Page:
Sholom Marosow was the youngest son of the Rebbe’s trusted secretary, Reb Chonye. By this time, Sholom’s father and older brother had both been arrested, never to be seen again. Young Sholom held on to the Rebbe and did not want to let go, For many, it was their last opportunity to catch a glimpse of the rebbe until the Rebbe assured him, “We will yet see each other again.” (Indeed, in the winter of 1950, shortly before Rabbi Yosef Yitzchak’s passing, R. Sholom Marosow arrived in New York and went to see the rebbe. The Rebbe told him, “Nu, we see each other again!” He was one of the last people received in a private meeting with the Rebbe.) When the scholar Rabbi Avraham Ela Plotkin went into the Rebbe’s train car for a final farewell, the Rebbe fell into his arms and they embraced each other, weeping.

While on the train car leaving Russia, Rabbi Yosef Yitzchak composed a letter to the chassidim of Russia. Among the heartfelt lines are these loving words:

As water reflects a face, my heart is awake and feels the pure sweetness and power of the inner and essential bond of the entire community of chassidim to the Tree of Life . . .

Each and every one of you, you and your wives, your sons and daughters, your grandchildren—your physical wellbeing, education, conduct and spiritual direction deeply affect me to the inner core of my heart.

My faith shall strengthen me and be my comfort, that physical distance shall never, ever separate us, G‑d forbid . . . Each of you chassidim, along with your families, should set your minds and hearts to strengthen the thread that binds us, which is service of G‑d . . .

May G‑d delight my heart and yours, in seeing children and grandchildren engaging with Torah and mitzvahs, with abundant means physically and spiritually. May G‑d raise the glory of Torah and the service of G‑d, and the glory of our Jewish brethren, that they may they live with all good, from soul to body.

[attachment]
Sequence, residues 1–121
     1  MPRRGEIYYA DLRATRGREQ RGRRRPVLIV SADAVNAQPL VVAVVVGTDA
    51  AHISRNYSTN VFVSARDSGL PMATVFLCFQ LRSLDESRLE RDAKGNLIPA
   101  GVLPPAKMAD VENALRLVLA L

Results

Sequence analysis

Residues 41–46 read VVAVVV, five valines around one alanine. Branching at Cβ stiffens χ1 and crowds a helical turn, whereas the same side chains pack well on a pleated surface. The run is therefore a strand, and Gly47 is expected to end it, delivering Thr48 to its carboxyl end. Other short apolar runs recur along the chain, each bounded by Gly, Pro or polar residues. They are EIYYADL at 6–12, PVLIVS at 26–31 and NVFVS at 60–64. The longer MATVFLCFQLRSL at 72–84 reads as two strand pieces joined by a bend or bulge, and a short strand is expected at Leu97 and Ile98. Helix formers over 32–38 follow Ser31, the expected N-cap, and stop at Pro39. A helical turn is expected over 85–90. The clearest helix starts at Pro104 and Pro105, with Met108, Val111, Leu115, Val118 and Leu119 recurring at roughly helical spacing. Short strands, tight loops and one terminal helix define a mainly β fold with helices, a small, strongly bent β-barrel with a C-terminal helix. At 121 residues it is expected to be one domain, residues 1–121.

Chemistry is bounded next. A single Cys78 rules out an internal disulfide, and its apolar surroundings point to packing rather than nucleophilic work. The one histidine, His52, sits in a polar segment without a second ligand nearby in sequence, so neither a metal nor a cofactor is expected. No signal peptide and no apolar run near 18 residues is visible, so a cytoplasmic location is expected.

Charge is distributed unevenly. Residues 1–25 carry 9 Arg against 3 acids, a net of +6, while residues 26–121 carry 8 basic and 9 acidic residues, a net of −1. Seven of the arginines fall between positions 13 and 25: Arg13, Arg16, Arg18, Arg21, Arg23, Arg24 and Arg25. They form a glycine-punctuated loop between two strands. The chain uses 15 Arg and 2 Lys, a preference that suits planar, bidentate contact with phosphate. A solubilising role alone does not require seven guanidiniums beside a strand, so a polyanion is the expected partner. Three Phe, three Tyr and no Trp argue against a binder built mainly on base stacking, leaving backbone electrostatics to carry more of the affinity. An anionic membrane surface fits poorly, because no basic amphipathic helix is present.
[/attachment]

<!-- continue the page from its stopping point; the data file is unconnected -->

It would be very pleasurable to me to hear at every occasion of the wellbeing of all of you and your families, and what is happening with each of them specifically and in detail. As I said, all their concerns, both physical and spiritual, reach the deep core of my heart, which is completely dedicated to your spiritual and physical good. Be strong and courageous, you and your families, to walk in the trodden path of light. . . . May it be good for you and your families forever. May G‑d help us to see each other in full happiness . . .

The train started up and began to pull out of the station. Chassidim looked on longingly and then began to disperse. Many had already left, when a chassid ran up holding a young child. He was rushing towards the platform, pointing and telling his little boy, “Look, look!” Others told him there was nothing left to see; the Rebbe’s train had already left. This breathless chassid was undeterred. “I want my son to at least see the smoke of the Rebbe’s train!”5

Some chassidim live with the Rebbe’s embrace. Others hold onto the Rebbe and never want to let go. And there are generations of selflessly dedicated chassidim who live inspired by the smoke of the Rebbe’s train.

One such story is especially memorable. Shmuel (Sam) Broida was the owner of a kosher meatpacking company in Chicago, and a philanthropist who gave generously to the Chabad fund for World War II refugees. In 1946 he traveled to Paris to distribute the funds, where he met an eight-year-old boy from Russia. The boy was wearing worn-out clothing; he was obviously lacking basic needs. Shmuel There was nothing left to see; the Rebbe’s train had already leftBroida asked him what he’d want from America. He figured the kid would ask for good food or nice clothing, maybe a game or toy. The boy didn’t hesitate. “I’d like to go see the Rebbe,” he requested. Mr. Broida was taken aback. He knew that the boy could not possibly have met the Rebbe, yet it was clear that his connection to the Rebbe was more important than any physical need or comfort.6

This was a fulfillment of the Rebbe’s prayerful hope in that letter penned on the train as he prepared to leave Russia, “May physical distance never separate us!”